The Securities and Exchange Commission (SEC) continues to assert its regulatory authority over the cryptocurrency market. The agency recently issued an advisory regarding coin and token exchanges, suggesting that enforcement actions may be forthcoming.

SEC Oversight Over Cryptocurrency 

As initial coin offerings (ICOs) become an increasingly popular way for businesses to raise capital, the SEC has made it very clear that it intends to consider all ICOs as security offerings. As we have discussed in greater detail in prior posts, ICOs rely on the same blockchain technology as Bitcoin. In ICOs, investors receive digital coins or tokens, which may be used to access the services offered by the business or resold to others in a secondary market on virtual currency exchanges or other platforms

In a report issued this summer, the SEC clarified that an offer and sale of blockchain tokens pursuant to an initial coin offering (ICO) may be subject to U.S. securities laws. “Whether a particular investment transaction involves the offer or sale of a security – regardless of the terminology or technology used – will depend on the facts and circumstances, including the economic realities of the transaction,” the SEC advised.

In reaching this conclusion, the SEC applied existing federal securities laws. The agency also made it clear that issuers of distributed ledger or blockchain technology-based securities must register offers and sales of such securities unless a valid exemption applies. If they fail to register, entities participating in unregistered offerings also may be liable for violations of the securities laws. Additionally, securities exchanges providing for trading in these securities must register unless they are exempt.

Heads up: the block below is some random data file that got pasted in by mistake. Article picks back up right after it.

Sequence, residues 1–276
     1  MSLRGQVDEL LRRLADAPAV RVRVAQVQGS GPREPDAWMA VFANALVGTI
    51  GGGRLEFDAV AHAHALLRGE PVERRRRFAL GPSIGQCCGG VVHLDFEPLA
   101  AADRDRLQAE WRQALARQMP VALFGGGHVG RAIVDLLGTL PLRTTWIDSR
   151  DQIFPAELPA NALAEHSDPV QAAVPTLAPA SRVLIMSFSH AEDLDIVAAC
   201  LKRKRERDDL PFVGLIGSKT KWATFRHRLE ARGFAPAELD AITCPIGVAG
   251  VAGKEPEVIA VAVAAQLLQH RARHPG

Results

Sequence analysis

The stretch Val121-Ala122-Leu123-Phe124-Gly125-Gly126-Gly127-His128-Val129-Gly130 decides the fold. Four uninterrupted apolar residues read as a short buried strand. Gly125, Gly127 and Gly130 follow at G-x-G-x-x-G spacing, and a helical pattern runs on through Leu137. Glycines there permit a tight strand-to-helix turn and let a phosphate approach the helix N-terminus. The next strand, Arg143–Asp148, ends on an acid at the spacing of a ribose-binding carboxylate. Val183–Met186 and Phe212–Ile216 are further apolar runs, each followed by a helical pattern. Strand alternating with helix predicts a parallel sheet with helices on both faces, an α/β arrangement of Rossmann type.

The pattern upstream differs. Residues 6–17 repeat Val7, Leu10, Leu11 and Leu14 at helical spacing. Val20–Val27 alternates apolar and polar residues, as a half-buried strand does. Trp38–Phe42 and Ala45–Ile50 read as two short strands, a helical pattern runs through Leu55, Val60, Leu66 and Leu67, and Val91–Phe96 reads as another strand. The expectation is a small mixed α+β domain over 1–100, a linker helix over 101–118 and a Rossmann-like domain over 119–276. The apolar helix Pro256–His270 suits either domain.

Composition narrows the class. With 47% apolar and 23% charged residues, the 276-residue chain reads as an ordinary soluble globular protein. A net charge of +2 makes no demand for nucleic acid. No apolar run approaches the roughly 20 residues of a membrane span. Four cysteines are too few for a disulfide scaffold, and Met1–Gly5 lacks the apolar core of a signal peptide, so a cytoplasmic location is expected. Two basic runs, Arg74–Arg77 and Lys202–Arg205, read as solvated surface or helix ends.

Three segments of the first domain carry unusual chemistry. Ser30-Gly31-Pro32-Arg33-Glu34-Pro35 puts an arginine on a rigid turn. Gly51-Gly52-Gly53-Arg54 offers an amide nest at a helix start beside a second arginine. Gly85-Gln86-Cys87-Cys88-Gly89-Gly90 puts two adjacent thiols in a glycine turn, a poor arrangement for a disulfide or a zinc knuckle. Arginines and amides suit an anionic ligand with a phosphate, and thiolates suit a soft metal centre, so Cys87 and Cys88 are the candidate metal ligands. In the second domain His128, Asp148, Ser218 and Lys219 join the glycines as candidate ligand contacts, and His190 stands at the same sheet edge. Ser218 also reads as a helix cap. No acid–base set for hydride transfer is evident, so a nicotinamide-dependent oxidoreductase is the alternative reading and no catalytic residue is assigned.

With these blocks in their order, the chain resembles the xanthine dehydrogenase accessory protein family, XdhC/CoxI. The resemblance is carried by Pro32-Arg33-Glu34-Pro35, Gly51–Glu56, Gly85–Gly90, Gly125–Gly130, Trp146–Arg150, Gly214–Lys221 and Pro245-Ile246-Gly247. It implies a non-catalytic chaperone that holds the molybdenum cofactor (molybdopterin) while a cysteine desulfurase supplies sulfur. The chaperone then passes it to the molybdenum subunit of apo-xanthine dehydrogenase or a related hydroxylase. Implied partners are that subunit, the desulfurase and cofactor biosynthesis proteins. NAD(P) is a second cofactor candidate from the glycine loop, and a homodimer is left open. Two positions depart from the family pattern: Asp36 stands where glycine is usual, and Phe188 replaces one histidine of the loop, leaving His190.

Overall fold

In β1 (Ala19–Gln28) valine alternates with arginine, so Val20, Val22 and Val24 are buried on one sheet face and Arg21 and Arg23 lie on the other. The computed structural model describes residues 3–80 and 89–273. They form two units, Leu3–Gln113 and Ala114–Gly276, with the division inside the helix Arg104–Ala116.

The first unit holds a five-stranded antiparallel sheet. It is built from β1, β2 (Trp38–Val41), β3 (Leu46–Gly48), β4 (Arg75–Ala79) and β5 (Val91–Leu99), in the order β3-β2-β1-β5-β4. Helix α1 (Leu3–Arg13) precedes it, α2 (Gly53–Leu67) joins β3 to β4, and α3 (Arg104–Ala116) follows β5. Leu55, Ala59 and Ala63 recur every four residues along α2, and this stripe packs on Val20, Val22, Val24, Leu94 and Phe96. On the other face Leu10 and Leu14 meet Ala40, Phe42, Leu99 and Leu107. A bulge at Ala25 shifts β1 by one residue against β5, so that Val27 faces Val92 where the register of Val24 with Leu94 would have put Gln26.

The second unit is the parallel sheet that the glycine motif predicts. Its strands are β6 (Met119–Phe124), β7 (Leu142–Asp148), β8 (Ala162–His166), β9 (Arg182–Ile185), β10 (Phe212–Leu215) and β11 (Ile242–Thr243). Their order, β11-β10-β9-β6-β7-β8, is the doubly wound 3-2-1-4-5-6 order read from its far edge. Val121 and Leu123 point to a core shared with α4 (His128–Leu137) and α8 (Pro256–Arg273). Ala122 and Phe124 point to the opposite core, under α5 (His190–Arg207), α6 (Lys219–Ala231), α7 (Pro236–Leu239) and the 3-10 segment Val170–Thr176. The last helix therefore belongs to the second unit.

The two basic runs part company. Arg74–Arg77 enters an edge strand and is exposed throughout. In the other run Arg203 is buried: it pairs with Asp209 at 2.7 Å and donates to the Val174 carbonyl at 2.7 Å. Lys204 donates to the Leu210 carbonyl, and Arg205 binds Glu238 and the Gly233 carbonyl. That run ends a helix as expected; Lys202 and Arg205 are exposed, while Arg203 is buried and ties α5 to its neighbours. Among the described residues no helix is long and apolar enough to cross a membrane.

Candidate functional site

In recent months, the SEC has continued its warnings to investors and industry participants. In January, SEC Chairmen Jay Clayton and CFTC Chairman Christopher Giancarlo published a commentary piece in the Wall Street Journal, entitled “Regulators Are Looking at Cryptocurrency.”  They wrote:

The SEC is devoting a significant portion of its resources to the ICO market. Through statements, reports and enforcement actions the SEC has made it clear that federal securities laws apply regardless of whether the offered security—a purposefully broad and flexible term—is labeled a “coin” or “utility token” rather than a stock, bond or investment contract. Market participants, including lawyers, trading venues and financial services firms, should be aware that we are disturbed by many examples of form being elevated over substance, with form-based arguments depriving investors of mandatory protections.

The SEC has also backed up its position with enforcement actions. Last fall, the agency also created a new Cyber Unit, which is tasked with leveraging the Enforcement Division's cyber-related expertise on misconduct involving distributed ledger technology and ICOs, among other areas.

SEC Advisory on Coin and Token Exchanges